short breaks from the task in/at hand


Senior Member

I'm wondering whether "at" or "in" should be used in the following.

Brief diversions may actually help people concentrate and improve their performance on more important tasks, according to Alejandro Lleras . . . Lleras' research seems to contradict long-standing theories that attention is a finite resource that runs out after a lengthy period of focus. Attention is more like a gas tank that refills during short breaks from the task at/in hand, according to Lleras' study.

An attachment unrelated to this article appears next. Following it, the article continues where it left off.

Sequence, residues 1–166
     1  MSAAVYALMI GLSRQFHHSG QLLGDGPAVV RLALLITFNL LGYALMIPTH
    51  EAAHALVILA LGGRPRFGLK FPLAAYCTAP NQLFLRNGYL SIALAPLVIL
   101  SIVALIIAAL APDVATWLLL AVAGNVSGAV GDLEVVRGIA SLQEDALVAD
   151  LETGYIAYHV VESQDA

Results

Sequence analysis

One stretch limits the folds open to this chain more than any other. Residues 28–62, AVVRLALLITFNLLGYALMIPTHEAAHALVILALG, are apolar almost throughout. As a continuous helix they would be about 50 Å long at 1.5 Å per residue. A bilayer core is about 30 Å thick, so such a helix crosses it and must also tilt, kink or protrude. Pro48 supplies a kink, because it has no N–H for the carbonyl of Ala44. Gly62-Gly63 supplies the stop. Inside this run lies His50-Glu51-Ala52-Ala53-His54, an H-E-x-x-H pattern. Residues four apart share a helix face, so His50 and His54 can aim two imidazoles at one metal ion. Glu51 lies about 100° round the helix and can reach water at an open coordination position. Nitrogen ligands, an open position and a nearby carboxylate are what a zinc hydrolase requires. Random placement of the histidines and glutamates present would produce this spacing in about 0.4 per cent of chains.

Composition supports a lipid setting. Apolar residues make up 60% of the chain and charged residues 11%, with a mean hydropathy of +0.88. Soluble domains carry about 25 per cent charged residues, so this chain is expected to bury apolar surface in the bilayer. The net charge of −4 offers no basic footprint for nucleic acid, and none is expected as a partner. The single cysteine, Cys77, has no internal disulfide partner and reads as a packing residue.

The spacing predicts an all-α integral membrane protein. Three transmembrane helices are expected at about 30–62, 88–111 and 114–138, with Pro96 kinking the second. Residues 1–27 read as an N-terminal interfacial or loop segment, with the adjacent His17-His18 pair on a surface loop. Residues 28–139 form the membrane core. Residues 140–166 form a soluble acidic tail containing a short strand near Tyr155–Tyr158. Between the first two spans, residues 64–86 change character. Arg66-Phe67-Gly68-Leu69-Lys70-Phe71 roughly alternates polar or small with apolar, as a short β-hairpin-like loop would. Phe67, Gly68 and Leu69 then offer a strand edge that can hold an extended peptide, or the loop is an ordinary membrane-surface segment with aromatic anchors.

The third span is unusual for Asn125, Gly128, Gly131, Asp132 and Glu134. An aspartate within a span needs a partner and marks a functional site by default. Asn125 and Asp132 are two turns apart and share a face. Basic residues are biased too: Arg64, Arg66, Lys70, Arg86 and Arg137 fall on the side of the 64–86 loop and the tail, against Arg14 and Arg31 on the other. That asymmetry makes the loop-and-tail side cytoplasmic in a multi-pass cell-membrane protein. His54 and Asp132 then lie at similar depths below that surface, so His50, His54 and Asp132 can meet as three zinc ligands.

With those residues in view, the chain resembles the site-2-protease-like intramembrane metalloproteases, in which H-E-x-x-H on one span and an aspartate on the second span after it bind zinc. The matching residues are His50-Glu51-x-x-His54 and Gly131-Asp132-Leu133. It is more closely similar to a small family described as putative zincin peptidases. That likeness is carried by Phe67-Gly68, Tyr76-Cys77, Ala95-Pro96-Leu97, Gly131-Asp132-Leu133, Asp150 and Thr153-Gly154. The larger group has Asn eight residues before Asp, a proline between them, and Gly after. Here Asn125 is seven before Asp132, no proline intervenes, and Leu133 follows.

I'd appreciate your help.
  • CaptainZero

    Senior Member
    English - English
    At hand is correct in your example, meaning the task being attended to by the person. In hand often means under control - for example: The police have the situation in hand.